Additionally, covered entities will incur labor costs associated with processing calls they may receive in the event of a data breach. The rule requires that covered entities that fail to contact 10 or more consumers because of insufficient or out-of-date contact information must provide substitute notice through either a clear and conspicuous posting on their web site or media notice. Such substitute notice must include a toll-free number for the purpose of allowing a consumer to learn whether or not his/her information was affected by the breach.

Individuals contacted directly will have already received this information. Staff estimates that no more than 10 percent of affected consumers will utilize the offered toll-free number. Thus, of the 2,500 consumers affected by a breach annually, staff estimates that 250 may call the companies over the 90 days they are required to provide such access. Staff additionally projects that 250 additional consumers who are not affected by the breach will also call the companies during this period. Staff estimates that processing all 500 calls will require an average of 192 hours of employee labor at a cost of $2,843.[8]

Accordingly, estimated cumulative annual labor costs, excluding outside forensic services, is $13,379.

Estimated Annual Non-Labor Costs: $7,918.

Commission staff anticipates that capital and other non-labor costs associated with the Rule will consist of the following:

1. The services of a forensic expert in investigating the breach; and

2. Notification of consumers via email, mail, web posting, or media.[9]

Staff estimates that covered firms (breached entities) will require 30 hours of a forensic expert's time, at a cumulative cost of $3,534 for each breach. This is the product of hourly wages of an information security analyst ($39.27), tripled to reflect profits and overhead for an outside consultant ($117.81), and multiplied by 30 hours. Based on the estimate that there will be 2 breaches per year, the annual cost associated with the services of an outside forensic expert is $7,068.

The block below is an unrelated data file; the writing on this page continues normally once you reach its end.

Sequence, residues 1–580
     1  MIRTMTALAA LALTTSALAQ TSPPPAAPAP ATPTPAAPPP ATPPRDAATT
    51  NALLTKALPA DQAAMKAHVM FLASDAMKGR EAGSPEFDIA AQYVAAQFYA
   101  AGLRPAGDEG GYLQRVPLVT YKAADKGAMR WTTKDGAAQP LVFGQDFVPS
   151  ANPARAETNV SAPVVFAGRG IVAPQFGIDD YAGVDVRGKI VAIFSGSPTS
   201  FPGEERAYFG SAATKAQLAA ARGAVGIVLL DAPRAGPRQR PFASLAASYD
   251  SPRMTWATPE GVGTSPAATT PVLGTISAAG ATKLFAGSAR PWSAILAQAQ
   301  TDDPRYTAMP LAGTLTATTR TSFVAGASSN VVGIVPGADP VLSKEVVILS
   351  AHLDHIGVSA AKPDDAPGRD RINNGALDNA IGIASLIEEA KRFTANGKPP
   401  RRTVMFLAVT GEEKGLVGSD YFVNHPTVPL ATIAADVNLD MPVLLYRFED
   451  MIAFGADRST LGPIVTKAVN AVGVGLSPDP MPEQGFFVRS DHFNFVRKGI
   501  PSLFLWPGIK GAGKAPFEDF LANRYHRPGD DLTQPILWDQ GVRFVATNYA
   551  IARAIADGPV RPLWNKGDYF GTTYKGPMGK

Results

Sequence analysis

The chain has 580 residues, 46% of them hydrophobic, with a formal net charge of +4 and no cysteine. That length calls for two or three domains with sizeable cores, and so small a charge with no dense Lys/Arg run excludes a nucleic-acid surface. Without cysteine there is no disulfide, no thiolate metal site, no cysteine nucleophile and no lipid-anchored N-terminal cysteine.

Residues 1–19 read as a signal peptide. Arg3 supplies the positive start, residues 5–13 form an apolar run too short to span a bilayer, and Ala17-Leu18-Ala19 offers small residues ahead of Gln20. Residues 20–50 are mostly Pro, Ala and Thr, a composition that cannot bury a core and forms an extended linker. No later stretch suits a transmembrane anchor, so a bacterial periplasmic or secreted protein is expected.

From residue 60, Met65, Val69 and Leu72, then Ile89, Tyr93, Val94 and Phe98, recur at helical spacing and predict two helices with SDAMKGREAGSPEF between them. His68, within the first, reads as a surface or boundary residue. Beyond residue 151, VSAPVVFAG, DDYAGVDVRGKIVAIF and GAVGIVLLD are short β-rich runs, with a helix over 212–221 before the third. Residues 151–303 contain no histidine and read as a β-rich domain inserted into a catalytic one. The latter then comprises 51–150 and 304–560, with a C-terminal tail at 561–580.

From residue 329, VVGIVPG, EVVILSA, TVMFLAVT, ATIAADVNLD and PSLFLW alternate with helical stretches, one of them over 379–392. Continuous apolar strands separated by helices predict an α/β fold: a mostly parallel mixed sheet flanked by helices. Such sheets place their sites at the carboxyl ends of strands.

As explained above, staff estimates that an average of 2,500 consumers per year will receive a breach notification. Given the online relationship between consumers and vendors of personal health records and PHR related entities, most notifications will be made by email and the cost of such notifications will be minimal.[10]

In some cases, however, vendors of personal health records and PHR related entities will need to notify individuals by postal mail, either because these individuals have asked for such notification, or because the email addresses of these individuals are not current or not working. Staff estimates that the cost of notifying an individual by postal mail is approximately $2.50 per letter.[11] Assuming that vendors of personal health records and PHR related entities will need to notify by postal mail 10 percent of the 2,500 customers whose information is breached, the estimated cost of this notification will be $625 per year.